Christine Andreas was joyously French with “Storybook” and “I Love Paris” and Lari White, the three-time Grammy winning country/gospel vocalist who Siegel plucked from the ensemble of the short-lived Ring of Fire, presented two wonderfully details portraits of troubled women with “Doatsy Mae” and “A Terrific Band And A Real Nice Crowd.”
Darius de Haas wowed the crowd with The Hot Mikado’s “I, The Living I,” Eddie Korbich was heart-breakingly sincere with “There, But For You, Go I” and Stephen DeRosa was slickly vaudevillian with “Is It The Girl Or Is It The Gown?”
KendRick Jones, who performed in his first Scott Siegel concert while still in high school, frequently sends jaws dropping with tap dancing routines that switch from rapid-fire footwork to gliding moves that seem propelled by water jets. Through the years his singing voice has matured with strength and confidence, as demonstrated by his fine rendition of “Ain’t Misbehavin’.” The fact that this exciting young performer is not being given opportunities to stop shows cold in featured roles in Broadway musicals can be taken as proof that there’s something seriously wrong with Broadway.
The Best of Broadway By The Year also featured performers better known beyond the musical theatre stage. Lumiri Tubo offered a smooth and mellow “St. Louis Blues” and Carole J. Bufford beautifully phrased the emotions of “Can’t Help Lovin’ That Man Of Mine.” Christina Bianco, a Forbidden Broadway favorite, lent her hilarious mimicry to “Cabaret,” performing the tune as Barbra Streisand, Bernadette Peters, Judy Garland, Patti LuPone, Julie Andrews and Celine Dion.
Bill Daugherty, known in the industry as a vocal teacher, gave a lesson in musical theatre character acting and pathos with a purely Runyonesque “Sit Down, Your Rockin’ The Boat” and noble and dignified “Brother, Can You Spare A Dime?”
Despite such an abundance of talent on stage, Beth Leavel was the only Tony-winner in the bunch, wrapping up the proceedings with a delectably saucy “From This Moment On.”
Photos by Genevieve Rafter Keddy: Top: Jeffry Denman and Marc Kudisch; Center: Kerry O'Malley; Bottom: KendRick Jones.
Douglas Hodge might well make a habit out of successfully injecting rough, working stiff edges into characters traditionally played for their elegance. He pulled the trick with his decidedly unglamorous performance as Albin in La Cage aux Folles and now scores a palpable hit as the title character of Edmond Rostand's Cyrano de Bergerac.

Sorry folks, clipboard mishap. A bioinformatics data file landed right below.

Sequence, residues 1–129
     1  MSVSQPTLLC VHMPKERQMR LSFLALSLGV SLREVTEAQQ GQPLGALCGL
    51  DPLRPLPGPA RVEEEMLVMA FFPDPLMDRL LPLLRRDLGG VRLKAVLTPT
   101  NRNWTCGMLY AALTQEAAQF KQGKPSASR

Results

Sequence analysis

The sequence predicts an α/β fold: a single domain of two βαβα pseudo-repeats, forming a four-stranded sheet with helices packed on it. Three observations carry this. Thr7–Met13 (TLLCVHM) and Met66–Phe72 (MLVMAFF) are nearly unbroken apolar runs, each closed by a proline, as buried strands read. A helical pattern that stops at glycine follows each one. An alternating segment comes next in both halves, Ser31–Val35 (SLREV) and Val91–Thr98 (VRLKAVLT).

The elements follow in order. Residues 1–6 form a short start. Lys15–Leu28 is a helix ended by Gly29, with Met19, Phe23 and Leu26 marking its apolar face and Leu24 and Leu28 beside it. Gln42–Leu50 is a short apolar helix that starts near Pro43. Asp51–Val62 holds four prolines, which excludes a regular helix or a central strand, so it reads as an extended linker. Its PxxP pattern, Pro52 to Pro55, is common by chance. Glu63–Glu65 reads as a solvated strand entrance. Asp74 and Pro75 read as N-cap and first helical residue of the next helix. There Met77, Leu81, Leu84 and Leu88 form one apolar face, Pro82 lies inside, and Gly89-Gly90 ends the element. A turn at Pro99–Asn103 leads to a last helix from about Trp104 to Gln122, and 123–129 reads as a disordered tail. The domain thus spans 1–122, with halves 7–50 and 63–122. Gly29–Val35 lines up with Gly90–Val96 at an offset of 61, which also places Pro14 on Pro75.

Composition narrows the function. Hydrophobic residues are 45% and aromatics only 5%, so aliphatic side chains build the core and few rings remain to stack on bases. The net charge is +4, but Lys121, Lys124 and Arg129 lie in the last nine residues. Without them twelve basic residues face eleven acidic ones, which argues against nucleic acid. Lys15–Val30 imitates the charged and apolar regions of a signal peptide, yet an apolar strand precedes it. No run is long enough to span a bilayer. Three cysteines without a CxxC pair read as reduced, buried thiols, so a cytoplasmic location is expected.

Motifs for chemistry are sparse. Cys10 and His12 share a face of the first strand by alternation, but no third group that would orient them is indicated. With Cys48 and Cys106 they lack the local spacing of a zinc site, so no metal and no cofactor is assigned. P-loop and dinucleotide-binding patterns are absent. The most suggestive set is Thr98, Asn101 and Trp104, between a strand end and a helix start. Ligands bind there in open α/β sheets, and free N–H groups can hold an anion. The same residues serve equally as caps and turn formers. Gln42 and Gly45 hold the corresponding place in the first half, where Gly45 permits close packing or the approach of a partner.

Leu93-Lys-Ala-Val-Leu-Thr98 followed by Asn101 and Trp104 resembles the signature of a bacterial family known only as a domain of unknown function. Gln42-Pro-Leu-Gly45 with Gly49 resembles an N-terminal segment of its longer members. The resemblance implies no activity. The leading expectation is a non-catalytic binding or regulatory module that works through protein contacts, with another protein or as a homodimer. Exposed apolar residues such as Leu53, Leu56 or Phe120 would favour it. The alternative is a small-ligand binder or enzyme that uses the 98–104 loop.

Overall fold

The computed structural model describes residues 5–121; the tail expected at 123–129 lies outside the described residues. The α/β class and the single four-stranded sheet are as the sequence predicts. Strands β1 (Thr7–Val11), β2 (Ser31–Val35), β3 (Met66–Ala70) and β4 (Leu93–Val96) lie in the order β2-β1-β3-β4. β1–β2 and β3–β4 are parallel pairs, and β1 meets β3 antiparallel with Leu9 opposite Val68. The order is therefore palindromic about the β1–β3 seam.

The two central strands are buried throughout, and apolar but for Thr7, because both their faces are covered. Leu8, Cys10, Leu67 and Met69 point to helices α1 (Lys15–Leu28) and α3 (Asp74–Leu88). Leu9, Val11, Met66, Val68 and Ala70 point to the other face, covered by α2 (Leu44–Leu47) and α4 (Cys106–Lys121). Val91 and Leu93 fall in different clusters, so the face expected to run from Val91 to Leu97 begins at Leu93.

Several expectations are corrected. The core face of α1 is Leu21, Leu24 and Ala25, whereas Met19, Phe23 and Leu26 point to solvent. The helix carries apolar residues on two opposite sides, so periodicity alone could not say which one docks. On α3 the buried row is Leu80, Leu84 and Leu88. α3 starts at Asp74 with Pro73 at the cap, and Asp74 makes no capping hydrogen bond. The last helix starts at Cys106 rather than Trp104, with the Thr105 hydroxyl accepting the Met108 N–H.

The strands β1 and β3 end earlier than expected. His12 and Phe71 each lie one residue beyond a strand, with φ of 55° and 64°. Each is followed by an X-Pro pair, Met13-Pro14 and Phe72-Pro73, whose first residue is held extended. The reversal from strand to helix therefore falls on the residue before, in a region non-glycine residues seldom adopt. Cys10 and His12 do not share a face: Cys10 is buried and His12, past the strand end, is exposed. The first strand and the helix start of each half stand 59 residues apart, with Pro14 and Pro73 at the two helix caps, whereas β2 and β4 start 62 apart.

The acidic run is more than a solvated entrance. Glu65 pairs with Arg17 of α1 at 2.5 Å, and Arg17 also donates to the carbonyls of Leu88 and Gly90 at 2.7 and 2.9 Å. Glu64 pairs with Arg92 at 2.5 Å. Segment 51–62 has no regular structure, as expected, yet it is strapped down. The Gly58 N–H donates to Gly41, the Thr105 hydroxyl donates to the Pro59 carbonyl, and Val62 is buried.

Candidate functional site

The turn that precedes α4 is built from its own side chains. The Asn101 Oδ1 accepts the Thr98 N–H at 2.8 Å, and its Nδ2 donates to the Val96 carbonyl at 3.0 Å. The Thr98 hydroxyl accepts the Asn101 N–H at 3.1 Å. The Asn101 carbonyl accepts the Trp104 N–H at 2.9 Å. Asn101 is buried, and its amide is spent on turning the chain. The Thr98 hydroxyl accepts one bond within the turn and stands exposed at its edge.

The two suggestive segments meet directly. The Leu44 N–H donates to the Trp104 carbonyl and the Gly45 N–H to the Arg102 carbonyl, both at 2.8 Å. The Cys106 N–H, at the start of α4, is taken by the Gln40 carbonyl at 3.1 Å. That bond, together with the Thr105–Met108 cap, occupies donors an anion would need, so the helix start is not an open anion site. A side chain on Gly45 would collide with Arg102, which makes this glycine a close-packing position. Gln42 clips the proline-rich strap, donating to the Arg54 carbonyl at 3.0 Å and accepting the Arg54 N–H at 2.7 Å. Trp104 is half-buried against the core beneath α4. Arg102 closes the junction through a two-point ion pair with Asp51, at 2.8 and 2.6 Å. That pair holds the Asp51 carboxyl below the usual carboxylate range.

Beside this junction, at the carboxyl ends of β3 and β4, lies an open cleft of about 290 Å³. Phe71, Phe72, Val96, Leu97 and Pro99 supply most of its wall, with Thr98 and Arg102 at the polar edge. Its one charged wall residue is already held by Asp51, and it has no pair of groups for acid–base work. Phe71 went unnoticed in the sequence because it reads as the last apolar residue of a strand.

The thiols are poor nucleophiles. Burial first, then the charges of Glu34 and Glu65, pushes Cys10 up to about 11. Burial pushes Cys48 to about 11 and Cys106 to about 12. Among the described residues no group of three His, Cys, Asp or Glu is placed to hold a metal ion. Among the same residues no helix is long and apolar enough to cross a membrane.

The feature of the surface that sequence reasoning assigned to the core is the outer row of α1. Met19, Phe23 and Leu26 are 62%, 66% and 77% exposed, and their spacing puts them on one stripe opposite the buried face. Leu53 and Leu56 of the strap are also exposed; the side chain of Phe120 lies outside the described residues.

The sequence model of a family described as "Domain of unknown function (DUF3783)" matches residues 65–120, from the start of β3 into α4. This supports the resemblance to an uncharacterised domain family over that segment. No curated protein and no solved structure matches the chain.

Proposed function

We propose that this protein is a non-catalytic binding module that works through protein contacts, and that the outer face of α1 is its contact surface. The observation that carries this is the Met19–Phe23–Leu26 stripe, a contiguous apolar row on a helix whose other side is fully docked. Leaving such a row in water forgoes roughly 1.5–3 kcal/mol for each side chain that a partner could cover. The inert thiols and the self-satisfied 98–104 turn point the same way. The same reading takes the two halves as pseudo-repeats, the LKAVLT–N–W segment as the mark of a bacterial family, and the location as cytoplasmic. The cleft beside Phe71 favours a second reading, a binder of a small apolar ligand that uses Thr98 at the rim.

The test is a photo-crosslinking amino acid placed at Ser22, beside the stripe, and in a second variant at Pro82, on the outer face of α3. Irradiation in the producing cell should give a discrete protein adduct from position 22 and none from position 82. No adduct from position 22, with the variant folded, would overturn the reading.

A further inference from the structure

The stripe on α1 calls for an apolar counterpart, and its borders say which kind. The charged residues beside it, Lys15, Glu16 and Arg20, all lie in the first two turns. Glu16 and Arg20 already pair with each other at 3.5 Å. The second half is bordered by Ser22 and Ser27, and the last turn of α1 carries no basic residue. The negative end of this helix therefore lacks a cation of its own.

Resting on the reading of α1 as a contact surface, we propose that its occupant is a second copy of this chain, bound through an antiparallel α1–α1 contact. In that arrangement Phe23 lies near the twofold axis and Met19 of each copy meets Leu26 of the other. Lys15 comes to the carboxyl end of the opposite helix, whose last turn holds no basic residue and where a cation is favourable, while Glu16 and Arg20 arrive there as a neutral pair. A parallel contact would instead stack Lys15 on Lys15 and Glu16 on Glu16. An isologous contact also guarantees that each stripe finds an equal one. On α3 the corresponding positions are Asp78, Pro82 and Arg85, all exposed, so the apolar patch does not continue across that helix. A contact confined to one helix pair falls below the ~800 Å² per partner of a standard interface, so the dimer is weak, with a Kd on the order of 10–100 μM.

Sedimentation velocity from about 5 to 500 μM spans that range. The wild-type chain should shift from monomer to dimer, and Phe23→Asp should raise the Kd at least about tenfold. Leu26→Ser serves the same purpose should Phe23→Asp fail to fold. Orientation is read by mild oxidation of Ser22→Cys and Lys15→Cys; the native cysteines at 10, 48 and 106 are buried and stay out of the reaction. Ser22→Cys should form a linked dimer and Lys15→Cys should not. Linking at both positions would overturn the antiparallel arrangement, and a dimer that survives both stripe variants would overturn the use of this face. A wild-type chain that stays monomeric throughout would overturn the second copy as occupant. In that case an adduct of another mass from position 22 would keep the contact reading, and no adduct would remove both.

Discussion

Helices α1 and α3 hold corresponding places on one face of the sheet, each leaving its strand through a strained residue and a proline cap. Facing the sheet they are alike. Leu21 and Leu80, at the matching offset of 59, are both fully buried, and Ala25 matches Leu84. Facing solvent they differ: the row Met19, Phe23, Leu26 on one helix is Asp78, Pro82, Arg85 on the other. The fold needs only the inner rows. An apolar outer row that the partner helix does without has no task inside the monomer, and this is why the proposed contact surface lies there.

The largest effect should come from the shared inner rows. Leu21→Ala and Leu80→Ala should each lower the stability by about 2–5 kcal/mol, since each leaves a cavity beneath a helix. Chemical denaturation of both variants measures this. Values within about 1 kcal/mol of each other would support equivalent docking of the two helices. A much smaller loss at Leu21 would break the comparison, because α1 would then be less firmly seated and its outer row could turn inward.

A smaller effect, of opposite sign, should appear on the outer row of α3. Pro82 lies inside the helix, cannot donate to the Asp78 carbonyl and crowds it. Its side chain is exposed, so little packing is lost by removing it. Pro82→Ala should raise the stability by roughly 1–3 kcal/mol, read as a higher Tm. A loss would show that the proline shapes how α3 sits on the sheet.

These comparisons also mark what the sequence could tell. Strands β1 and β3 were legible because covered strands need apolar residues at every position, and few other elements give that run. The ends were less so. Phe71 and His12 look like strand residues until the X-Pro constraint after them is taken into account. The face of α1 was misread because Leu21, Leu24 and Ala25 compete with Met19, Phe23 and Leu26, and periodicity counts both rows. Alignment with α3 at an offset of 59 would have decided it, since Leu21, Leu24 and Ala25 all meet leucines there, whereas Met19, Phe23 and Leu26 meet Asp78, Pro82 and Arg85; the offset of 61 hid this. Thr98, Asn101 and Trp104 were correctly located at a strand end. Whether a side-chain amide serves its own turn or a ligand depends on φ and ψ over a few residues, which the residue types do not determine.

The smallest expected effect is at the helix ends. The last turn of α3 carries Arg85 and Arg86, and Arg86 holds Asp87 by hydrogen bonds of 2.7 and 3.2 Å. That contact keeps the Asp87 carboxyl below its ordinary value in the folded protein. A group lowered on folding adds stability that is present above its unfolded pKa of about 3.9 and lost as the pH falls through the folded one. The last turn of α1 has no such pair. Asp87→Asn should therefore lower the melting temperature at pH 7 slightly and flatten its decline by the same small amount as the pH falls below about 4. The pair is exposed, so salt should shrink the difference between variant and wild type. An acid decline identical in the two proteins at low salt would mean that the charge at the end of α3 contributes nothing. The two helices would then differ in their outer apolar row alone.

It’s all in the nose. The lengthy proboscis describe by its owner as “a peninsula,” and usually crafted with a graceful slope, actually looks more like a pile of rubble in director Jamie Lloyd’s vivaciously rowdy mounting of Ranjit Bolt's invigorating translation. (Although, what is it these days with adaptors sticking modern phrases into pieces that otherwise evoke a specific period?)
As the lesser-born nobleman who is swift with the sword, eloquent with poetry and nevertheless suffering from an extreme case of poor body image, Hodge’s Cyrano is a man who masks his self-doubt with swaggering humor, though crushed with the belief that his looks condemn him to never being worthy of the heart of his beautiful cousin Roxane, who favors the attractive, but inarticulate soldier, Christian. In the famous balcony scene, where the poet hides in The Shadows to impersonate Christian in feeding her the words of love she longs to hear, Hodge’s Cyrano is in agony, suppressing his longing for the selfless act of giving his love what he thinks she wants. When the two men are sent to war and Cyrano risks death every day to send her letters of Christian's devotion from the front lines, it’s with a noble sense of duty. Hodge’s Cyrano is a good guy who needs a hug, or at least a year of therapy.
Kyle Soller's Christian is boyishly callow and Clémence Poésy’s Roxane is suitably naïve, but it’s the lusciously timbered Patrick Page who matches Hodge’s star turn in his brief appearances as the villainously elegant Comte de Guiche.
Soutra Gilmour’s darkly-hued unit set and costumes under Japhy Weideman’s soft lighting give the handsome production the look of a classic oil painting.
Photo of Patrick Page and Douglas Hodge by Joan Marcus.